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Shoulder a Coffin Kuro Vol. 1

Author: Ezekiel

Ezekiel hasn't written a profile yet. That's ruddy mysterious...

Shoulder a Coffin Kuro Vol. 1

Yen Press
Satoko Kiyuduki

If Tim Burton and Yuichi Kumkura (King of the bandits Jin) teamed up to create a manga series I reckon it would end up as something like Shoulder a Coffin Kuro.

The first volume of this series, written by Satoko Kiyuduki, and released in the UK by the manga publishing newcomer Yen Press, follows the travels of a young girl called Kuro who travels from place to place with the titular coffin and a wisecracking bat call Sen – if you’re a fan of Kino's Journey you'll get into this easily.

Although it’s never revealed outright as to why she is travelling, throughout this volume there are references that reveal that her travels are not voluntary and that not only is the colour of her clothes connected, but so is the purpose of her coffin…

If reading this reviews gives you the impression that you'll be in for a self absorbed Emo-fest, take heart as part way through the series she discovers (and becomes the reluctant “owner”of) Niju and Sanjuku, two what could be best described as “mini catgirls” whose more innocent perspectives bring light to what could easily be a dark and depressing series.

The book uses the 4 Koma format (4 panels read from top to bottom, and common in Japanese newspapers), moves at an engaging pace, and spans a number of plots, from her revealing conversations with a not so wicked witch, to making ends meet through music, and then helping an old man who can’t stop fibbing to discover the one truth he could never find...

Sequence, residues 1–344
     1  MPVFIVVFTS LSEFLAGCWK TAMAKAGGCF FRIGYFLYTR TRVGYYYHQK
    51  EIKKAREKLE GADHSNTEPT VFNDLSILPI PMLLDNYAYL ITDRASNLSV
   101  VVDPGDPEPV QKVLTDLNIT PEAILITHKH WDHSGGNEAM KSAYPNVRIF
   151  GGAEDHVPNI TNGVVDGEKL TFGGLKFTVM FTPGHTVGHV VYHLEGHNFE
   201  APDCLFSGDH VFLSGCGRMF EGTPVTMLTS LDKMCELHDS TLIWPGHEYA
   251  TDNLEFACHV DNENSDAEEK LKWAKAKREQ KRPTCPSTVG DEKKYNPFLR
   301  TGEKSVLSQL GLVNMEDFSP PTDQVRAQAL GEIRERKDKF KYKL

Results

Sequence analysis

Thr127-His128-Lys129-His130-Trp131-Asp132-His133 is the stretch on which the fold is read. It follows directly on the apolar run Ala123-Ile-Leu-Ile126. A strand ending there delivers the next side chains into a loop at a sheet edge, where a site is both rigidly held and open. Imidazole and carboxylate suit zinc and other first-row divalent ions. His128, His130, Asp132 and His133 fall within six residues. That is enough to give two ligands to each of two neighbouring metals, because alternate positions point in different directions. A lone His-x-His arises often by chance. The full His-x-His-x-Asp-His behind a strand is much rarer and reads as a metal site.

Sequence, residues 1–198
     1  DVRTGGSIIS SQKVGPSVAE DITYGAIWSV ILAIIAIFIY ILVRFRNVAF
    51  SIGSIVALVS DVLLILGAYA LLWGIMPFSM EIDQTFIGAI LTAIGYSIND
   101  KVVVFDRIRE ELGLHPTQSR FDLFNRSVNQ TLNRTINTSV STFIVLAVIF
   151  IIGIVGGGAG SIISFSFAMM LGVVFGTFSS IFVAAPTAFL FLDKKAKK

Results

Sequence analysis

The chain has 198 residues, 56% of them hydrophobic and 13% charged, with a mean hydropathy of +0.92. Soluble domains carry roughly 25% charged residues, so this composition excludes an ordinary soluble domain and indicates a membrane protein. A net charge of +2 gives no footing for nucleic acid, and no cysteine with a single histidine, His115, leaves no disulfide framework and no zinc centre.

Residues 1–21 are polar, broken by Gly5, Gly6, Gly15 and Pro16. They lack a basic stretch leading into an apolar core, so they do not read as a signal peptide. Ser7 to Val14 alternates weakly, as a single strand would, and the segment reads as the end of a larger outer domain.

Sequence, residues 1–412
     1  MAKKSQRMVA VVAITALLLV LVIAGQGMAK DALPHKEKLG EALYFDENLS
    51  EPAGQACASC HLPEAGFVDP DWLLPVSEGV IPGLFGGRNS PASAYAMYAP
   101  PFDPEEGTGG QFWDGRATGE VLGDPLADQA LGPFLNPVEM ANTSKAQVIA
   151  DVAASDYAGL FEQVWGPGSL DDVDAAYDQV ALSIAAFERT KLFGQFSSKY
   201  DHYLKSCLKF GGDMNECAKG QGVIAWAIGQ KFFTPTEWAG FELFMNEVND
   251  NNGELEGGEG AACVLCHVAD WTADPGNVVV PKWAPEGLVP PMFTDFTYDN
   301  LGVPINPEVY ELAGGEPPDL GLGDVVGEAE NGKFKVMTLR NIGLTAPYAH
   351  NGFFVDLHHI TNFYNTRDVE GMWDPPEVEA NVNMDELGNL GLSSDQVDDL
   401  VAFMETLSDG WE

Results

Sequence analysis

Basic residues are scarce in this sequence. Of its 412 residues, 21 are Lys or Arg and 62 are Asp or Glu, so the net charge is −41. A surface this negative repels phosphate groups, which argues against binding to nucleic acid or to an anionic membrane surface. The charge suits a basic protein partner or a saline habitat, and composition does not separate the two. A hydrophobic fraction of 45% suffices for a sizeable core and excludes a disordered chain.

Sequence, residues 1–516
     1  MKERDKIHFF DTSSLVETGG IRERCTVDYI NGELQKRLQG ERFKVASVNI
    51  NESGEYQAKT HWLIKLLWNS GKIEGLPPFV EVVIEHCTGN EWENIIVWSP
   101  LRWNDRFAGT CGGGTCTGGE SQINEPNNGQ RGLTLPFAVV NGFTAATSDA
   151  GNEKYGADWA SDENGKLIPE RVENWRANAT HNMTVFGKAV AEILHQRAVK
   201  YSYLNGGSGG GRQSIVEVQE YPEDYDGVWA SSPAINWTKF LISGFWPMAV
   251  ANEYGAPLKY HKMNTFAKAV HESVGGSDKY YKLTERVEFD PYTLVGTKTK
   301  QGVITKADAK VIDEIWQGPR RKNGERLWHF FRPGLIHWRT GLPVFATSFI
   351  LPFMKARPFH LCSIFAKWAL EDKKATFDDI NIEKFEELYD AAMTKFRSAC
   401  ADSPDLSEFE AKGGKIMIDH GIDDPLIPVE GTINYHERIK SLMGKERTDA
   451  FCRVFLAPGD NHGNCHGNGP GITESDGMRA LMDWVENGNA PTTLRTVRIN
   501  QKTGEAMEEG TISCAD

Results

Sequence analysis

The artwork, though exaggerated at times, didn't distract from the story, and indeed some of my favorite pieces were the stand alone, unconnected pieces that separated each chapter. It was these, above all others, which most reminded me Tim Burton's Nightmare before Christmas.

What struck me as intriguing was the Japanese translations names of  the main characters – Kuro (meaning “black”) matches her dark clothing and often dark outlook of the world. The only current mystery is the reason behind the names of the two mini catgirls Sanju (30) and her sister Nijuku (29)

Maybe a mystery to be solved in the next volume..?

If you’re a fan of Kino's Journey, and like the slightly twisted art of Mr Burton's works, or even if you’re just looking for something to enjoy during your coffee break, then this series is for you.

Personally, I’d have gone for a backpack!

A surprisingly entertaining read, but which might get overlooked by many – I only hope it can keep up the quality.
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